And show their stuff they do, to dazzlingly epic effect. Return is so epic, it runs just over 20 minutes longer than each of its predecessors. It seems to end five or 10 different times. Still, though I practically know the story by heart, it was surprisingly suspenseful, building to so many desperate climaxes, it needed the long coda to help viewers ramp down emotionally. For a movie that's about holding onto hope, it can be relentlessly dire - as telegraphed from the beginning, when a beguiling pastoral scene goes quickly awry.
Despite the outrageously cool battle sequences, smaller moments resonate most. The movie is a stream of tiny turning points that add up to triumph. Skillfully melding great and small, Jackson evokes the power of hope in an elegant depiction of signal beacons sequentially set ablaze, calling Men to defend Minas Tirith against demonic Orcs. In one lyrically tragic sequence, Jackson wipes away the last shreds of Pippin's innocence like the tear the Hobbit sheds after forlornly crooning a ballad for the city's mad steward, Denethor (John Noble), as the ruler stomach-turningly devours a meal, blood running Orc-like down his chin, while his son Faramir (David Wenham) dutifully leads a suicide mission to fulfil Denethor's insane whim.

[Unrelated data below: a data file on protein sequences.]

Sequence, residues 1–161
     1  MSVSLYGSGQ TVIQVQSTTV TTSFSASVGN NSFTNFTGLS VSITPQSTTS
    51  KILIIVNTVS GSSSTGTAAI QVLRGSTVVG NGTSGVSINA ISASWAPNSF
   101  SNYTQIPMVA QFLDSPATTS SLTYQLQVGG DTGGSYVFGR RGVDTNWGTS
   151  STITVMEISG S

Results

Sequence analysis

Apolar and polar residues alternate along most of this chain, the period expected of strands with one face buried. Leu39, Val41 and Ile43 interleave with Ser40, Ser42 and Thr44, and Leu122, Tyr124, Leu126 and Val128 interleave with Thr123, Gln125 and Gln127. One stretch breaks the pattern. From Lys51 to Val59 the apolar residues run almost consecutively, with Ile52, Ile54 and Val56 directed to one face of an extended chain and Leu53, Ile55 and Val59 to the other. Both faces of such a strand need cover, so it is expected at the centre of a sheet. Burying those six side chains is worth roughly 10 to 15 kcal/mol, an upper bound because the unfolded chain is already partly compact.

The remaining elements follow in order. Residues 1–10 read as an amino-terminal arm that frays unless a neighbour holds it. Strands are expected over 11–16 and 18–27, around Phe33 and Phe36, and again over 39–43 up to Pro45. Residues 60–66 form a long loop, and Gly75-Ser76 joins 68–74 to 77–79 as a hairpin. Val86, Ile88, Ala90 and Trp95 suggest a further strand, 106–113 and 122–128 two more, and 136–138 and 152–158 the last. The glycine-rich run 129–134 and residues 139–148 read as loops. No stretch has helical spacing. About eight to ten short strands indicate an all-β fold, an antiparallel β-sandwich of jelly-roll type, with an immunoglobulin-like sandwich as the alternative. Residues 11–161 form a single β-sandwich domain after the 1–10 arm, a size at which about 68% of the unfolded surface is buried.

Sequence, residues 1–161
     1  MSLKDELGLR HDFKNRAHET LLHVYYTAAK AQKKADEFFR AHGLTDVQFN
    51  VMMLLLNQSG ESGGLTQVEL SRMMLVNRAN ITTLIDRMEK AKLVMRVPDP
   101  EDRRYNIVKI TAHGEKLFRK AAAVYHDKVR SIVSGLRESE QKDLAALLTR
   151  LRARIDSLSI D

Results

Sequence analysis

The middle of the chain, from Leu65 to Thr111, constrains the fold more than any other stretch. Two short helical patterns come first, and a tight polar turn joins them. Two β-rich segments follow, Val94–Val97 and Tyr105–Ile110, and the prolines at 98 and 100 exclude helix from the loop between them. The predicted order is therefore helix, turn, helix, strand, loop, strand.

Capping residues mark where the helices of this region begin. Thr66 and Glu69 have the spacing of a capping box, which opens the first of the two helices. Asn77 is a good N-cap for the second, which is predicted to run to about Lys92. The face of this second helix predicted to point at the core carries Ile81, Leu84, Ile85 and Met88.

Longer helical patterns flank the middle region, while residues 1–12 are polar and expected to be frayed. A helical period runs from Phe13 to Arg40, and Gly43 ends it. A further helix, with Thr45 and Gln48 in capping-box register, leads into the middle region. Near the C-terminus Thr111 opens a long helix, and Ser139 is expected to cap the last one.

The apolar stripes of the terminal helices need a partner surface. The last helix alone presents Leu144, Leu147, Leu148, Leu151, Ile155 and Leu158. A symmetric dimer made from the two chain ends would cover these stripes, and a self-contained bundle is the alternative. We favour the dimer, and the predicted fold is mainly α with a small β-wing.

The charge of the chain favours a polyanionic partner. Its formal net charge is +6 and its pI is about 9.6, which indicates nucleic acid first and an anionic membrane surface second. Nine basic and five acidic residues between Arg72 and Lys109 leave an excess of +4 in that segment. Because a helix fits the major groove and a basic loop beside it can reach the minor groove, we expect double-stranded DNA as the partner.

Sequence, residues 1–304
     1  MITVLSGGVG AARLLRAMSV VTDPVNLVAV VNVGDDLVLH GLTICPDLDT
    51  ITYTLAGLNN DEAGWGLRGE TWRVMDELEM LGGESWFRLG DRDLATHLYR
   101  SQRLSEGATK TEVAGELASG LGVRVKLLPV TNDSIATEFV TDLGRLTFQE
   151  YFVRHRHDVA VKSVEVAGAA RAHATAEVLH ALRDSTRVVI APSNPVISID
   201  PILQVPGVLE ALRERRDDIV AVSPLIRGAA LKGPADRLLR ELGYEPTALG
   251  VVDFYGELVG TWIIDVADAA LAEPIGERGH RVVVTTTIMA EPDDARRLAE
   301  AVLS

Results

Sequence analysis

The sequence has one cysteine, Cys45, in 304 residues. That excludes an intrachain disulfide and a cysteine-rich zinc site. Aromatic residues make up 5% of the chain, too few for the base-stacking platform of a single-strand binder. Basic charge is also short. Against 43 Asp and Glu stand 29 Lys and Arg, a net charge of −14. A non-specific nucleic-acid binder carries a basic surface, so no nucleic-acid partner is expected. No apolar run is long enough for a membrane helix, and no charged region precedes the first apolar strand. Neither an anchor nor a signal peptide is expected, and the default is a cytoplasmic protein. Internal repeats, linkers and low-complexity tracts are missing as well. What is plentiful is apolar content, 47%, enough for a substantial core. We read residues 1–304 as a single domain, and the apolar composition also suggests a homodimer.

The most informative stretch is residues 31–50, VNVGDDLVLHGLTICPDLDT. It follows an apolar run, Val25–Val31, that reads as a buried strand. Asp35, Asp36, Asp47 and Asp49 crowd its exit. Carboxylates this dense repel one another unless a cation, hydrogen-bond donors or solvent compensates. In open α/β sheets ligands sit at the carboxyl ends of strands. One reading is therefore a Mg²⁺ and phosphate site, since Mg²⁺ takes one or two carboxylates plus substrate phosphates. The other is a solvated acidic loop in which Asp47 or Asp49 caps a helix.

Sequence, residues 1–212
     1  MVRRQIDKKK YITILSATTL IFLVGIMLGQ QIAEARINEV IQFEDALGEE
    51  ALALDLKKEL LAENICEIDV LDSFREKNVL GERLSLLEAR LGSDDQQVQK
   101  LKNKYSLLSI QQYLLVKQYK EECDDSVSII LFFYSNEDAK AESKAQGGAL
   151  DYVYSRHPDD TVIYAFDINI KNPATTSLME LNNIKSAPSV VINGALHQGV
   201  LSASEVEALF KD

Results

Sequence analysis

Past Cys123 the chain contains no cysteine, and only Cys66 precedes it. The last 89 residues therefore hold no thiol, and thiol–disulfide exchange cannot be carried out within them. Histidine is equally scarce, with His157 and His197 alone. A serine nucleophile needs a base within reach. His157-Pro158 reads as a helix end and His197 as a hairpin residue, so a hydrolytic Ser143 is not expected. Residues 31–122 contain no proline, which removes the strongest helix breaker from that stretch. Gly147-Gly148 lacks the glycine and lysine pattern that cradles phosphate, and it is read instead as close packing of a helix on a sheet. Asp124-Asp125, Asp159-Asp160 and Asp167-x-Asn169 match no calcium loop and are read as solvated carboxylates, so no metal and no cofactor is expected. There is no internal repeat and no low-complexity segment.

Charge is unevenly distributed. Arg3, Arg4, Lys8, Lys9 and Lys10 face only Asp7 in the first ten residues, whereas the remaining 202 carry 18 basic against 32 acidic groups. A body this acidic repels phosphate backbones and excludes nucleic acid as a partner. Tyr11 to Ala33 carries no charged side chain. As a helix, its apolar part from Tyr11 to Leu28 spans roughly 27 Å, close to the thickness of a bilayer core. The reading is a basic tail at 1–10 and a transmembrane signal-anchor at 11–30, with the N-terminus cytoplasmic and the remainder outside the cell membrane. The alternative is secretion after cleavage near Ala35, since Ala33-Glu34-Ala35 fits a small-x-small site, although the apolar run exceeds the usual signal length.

Making small moments big captures Tolkien's sensibility, but, given how spectacularly larger events are portrayed, it's amazing the visuals didn't overwhelm the movie's actually quite simple messages: Never give up, you can't go back, stand together against tyranny, embrace your destiny, it's never too late for redemption.
It occasionally goes over the top. But it's still the thoroughly satisfying conclusion of an incredible cinematic chapter - the scope, the technological advances, the story, the performances.
Return is partly about valor in battle, but bravery comes from surprising places. By now we expect heroics from stalwart Sam, and he more than meets our expectations. When Merry and Eowyn (Miranda Otto), niece to the horsemen's king Theoden (the wonderful Bernard Hill), secretly ride to war, they are determined but terrified. Their shaky resolve contrasts sharply with the seasoned horsemen around them, yet even as Eowyn trembles, she doesn't flinch from her crucial stand, and Merry doesn't hesitate in playing his part.